When the cream puffs and canelés at Pastries by Anne are served, soft-spoken Hyunsung Shin beams and bursts into song, his beautiful baritone booming through the bakery.
In case you didn’t guess, Sung, the sing-song moniker he prefers to go by, is passionate about pastries.
And opera singing.
And helping helm his family’s food-service supply business.
Any and all of his favorite things will elicit a Sung song.
If you think it’s an unusual set of interests, Sung couldn’t agree with you more.
He never set out to pursue any of them.
They found him, and he couldn’t be happier.
Sung, who was born in Daejeon, South Korea’s fifth largest city, came to America with his parents and younger brother when he was 3.
The family spent three months in Seattle with relatives before moving to New York, living in Jackson Heights, Woodside, Maspeth and finally, when they became more prosperous, Manhasset.
In the beginning, Sung’s father supported the family by doing odd jobs in the food-service industry, eventually buying a truck for $2,000 and starting Maspeth-based Lucky Supply, which sells plastic and paper goods to restaurants and delis, including Astoria’s Pastries by Anne, Comfortland, United Brothers Fruit Markets and Between the Bagel NY.
“When I was growing up, I never saw my father,” says Sung, who is 28 and lives in Long Island City. “He started the company when I was six, and he was working 16-hour days.”
Although Sung’s initial interest was baseball, he pivoted to opera and bowling when he was in high school.
“I was able to do them both because they were in different seasons,” he says, adding that he wanted to keep busy. “In the school’s musical productions, I started out making the sets and raising and lowering the curtain during performances.”
Eventually, Sung joined the chorus – “I was a singing tree in Sondheim’s “Into the Woods” – and decided to try out for lead roles.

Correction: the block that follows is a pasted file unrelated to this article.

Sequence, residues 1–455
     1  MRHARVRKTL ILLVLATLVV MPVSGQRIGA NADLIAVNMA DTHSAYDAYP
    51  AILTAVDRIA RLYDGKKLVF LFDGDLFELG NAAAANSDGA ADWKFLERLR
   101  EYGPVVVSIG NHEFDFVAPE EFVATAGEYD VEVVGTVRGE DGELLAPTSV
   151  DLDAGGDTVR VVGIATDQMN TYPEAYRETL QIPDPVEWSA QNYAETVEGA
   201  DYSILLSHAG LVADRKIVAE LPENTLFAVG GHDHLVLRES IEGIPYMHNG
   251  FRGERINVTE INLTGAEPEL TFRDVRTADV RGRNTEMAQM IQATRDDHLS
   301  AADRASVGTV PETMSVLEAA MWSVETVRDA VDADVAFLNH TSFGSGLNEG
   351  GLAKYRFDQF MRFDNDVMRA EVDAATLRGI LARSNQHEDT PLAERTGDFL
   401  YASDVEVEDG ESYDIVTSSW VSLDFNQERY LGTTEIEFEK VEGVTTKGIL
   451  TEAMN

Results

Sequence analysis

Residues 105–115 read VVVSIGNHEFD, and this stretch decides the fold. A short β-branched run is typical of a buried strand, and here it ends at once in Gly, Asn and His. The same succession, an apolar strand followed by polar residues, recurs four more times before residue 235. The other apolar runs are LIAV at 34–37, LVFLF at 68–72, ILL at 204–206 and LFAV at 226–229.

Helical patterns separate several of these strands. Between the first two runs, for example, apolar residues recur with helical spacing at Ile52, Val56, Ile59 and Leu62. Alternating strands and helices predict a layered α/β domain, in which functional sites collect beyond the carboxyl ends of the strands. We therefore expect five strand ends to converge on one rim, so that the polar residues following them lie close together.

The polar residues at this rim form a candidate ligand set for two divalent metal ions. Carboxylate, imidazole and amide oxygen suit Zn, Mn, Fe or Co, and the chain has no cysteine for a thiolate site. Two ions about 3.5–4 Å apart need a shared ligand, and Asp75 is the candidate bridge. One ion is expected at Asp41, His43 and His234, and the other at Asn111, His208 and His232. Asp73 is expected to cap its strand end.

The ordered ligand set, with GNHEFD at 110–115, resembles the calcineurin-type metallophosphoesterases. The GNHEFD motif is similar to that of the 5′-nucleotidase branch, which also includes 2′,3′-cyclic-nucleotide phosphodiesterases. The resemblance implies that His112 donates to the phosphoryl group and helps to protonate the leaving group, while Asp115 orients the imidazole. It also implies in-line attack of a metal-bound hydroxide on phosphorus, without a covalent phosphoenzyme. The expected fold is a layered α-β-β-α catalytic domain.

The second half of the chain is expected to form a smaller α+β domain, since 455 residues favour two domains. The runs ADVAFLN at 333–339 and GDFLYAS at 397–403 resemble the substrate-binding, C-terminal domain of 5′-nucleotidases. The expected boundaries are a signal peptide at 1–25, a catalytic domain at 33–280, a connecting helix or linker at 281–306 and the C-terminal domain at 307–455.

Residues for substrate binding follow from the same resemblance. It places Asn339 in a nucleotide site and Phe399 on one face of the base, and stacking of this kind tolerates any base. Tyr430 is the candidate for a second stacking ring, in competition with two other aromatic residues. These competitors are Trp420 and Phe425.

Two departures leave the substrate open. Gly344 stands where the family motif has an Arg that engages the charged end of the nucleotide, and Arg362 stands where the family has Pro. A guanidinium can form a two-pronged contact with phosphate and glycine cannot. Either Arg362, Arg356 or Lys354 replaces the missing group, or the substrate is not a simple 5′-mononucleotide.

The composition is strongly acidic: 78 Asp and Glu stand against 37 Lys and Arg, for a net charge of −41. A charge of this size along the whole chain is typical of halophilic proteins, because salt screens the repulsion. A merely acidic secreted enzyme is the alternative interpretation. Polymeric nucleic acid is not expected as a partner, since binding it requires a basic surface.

“I realized I had to learn how to sing,” he says. “The teacher I worked with just happened to specialize in opera. It didn’t matter to me; I just wanted to learn to sing.”
Sung had never heard of opera singers, much less seen or listened to an opera.
“I didn’t even know who Pavarotti was, but I started listening to YouTube videos of opera singers and discovered that I really loved this opera thing,” he says.
When it came time for college, Sung studied singing.
But things didn’t turn out as he expected; the plot of his life took many twists and turns before he found the path that worked for him.
He attended New York University, community college, Hofstra University and Queens College before settling down at Manhattan College of Music. (Hooray! He got his degree in spring 2020.)
After graduation, he enrolled at The University of Hartford’s Hartt School, where he picked up his second degree.
“I knew one of the teachers there, and they offered me singing roles and a near-full scholarship,” he says.
Once his formal education was complete, Sung returned to New York and began working for Lucky Supply, where he is in charge of sales and operations.
“I had decided that I didn’t want to be a professional singer because it’s difficult to make a living, and it involves traveling and being away from home for long periods of time,” he says, adding that his recent marriage, to an opera singer, solidified his position.
“At Lucky Supply, I see my role as helping small businesses succeed,” Sung says. “I support my clients by cutting out the middle man to give them cheaper prices.”
Sung’s interest in bowling and opera haven’t waned.
The president of the New York Korean Bowling League, Sung plays every week, scoring an average of only 200 because he doesn’t have much time to practice, and sings in opera productions as they come up.
He sees his passions as feeding into each other, and he hopes at some point to produce operas, manage opera companies or singers or at the very least become an opera patron while continuing his work at Lucky Supply.
“I love opera because it connected me to the world, and I want to help it thrive and grow,” he says. “I want to bring great singers up front because they are what makes opera great. And I want to teach a new generation to appreciate the form as much as I do.”
Sung will, of course, continue to perform.
“I try not to advertise myself,” he says. “I have a lot more work to do before I’m deserving of attention or accolades about my accomplishments.”
He bites into a canelé.
Perfection that deserves an encore.
Copyright 2023 by Nancy A. Ruhling